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How the "Bad times" Can Lead Procurement to Fail (Example on oil prices)

January 23, 2015 by Jeremy Kirsten

Procurement Fails

One other matter that I suggest contributes to Procurement failing; it is my observation and I am unable to point to any study in this regard – that when times are good, then there is a chance for complacency so when there is a full order book, robust contracts and supplier arrangements in place, healthy profit margins, a market leader, a reputation for integrity and product innovation, then it is easy to question the need for a Procurement function.

Yes it is short sighted and unfortunately its value can be bought into question where there is a view that if all is good then profitability is healthy and by extension this can be increased by disposing of a function that is not being recognised.

Two problems with this view:

  1. Procurement is a function needed during the good times as well as the bad.
  2. The short sightedness must definitely have a sting in the tail because when the lean years come – and they always do – then the business has a change of view because there are some risks to business operations that have not been mitigated.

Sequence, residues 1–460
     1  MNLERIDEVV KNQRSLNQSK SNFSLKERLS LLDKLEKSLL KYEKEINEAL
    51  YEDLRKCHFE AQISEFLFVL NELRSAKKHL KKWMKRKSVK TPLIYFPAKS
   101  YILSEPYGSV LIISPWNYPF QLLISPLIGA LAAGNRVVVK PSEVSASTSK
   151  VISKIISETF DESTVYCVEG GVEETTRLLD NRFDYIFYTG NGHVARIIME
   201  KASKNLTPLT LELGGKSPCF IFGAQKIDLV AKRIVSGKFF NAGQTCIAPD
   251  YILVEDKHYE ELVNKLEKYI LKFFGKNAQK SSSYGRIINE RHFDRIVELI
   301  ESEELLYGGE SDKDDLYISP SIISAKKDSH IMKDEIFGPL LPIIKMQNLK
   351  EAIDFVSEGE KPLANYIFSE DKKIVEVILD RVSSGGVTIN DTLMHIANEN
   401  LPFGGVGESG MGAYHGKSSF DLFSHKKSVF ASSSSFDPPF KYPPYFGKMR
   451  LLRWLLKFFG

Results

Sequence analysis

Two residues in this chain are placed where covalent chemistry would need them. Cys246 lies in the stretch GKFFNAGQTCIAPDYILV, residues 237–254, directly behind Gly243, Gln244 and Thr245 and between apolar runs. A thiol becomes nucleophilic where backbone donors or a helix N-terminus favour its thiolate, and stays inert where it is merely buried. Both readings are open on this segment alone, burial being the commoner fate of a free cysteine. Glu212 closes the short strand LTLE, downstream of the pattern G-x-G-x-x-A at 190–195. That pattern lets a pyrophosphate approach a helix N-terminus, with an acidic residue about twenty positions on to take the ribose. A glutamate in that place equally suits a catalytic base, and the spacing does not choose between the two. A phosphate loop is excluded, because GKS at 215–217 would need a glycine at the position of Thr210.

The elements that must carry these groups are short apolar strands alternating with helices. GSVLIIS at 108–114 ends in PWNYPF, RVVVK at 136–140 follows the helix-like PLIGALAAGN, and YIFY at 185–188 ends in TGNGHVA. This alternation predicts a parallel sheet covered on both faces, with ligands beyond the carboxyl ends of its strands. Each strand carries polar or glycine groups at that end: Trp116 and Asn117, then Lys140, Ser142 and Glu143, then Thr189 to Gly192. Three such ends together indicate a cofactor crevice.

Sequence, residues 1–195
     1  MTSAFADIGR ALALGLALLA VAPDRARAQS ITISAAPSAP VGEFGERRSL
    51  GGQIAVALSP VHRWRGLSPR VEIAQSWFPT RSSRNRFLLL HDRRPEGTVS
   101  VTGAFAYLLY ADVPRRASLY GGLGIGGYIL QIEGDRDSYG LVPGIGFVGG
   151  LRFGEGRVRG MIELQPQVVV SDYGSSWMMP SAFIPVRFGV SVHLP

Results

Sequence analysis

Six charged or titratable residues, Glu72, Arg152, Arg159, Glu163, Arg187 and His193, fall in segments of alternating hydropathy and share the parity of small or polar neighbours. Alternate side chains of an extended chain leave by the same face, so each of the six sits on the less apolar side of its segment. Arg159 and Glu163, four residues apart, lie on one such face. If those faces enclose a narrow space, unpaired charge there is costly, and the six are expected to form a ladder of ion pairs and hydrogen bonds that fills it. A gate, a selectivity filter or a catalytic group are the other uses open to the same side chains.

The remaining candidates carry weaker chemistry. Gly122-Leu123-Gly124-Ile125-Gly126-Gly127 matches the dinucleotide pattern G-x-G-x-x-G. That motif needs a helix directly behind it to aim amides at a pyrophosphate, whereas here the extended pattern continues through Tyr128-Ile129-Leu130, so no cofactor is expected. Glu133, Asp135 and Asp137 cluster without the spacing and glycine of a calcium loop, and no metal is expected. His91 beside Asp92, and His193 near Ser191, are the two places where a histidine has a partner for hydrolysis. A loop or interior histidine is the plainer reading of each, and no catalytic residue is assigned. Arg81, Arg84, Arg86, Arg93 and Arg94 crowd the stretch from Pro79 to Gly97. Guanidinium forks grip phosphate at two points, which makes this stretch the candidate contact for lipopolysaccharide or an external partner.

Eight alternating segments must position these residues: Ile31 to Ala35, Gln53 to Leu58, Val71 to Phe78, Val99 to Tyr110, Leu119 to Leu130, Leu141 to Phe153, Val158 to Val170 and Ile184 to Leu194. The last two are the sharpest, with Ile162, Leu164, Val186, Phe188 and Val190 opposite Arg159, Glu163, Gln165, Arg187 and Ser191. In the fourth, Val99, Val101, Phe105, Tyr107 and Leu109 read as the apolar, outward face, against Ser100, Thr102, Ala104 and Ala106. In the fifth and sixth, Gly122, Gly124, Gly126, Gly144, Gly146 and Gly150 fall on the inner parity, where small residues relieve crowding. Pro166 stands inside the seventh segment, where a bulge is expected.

I would appreciate comment from readers and how this scenario has affected them. 

The point that I make here is that it is a very easy and compelling argument for a decision to be made incorrectly. Management does always need to be up to date in terms of threats to the business or weaknesses in the Supply Chain that can have a major effect on growth et al.

We have had the good and lean times scenario discussed. There is another aspect to this scenario and that is the peaks and troughs one encounters with commodities and particularly crude oil. In situations like this, it is always easy to identify the winners and difficult as it is to imagine, not always easy to notice the losers. The first one that comes to mind are those economies that have a great dependency on oil. The question can be put which is “How can this cause Procurement to fail?” There are opportunities for futures to be considered or even to acquire more of the commodity and place it in storage – NB this is all fine and dandy and my suggestion is that it then becomes possible for the Procurement function to be focussed on another opportunity – buying the additional commodity to trade. When this focus is taken off the greater Procurement mission, there is an element of risk in terms of other key categories being ignored.

Making ill-informed or ill advised decisions can result in uncomfortable consequences for the business. Again, this is something that I have noticed before so to what extent this has happened is difficult to determine. It is not that difficult to make bad decisions and if not managed correctly can cause some discomfort for the Procurement and Supply mission. Happy to expand further if requested. 

 

Jeremy Kirsten

Written by Jeremy Kirsten

A highly experienced, passionate & proactive Procurement & Supply Chain Manager, Project Manager, Consultant and Change Manager - I would be delighted to enter into dialogue with Procurement & Supply professionals on like matter.

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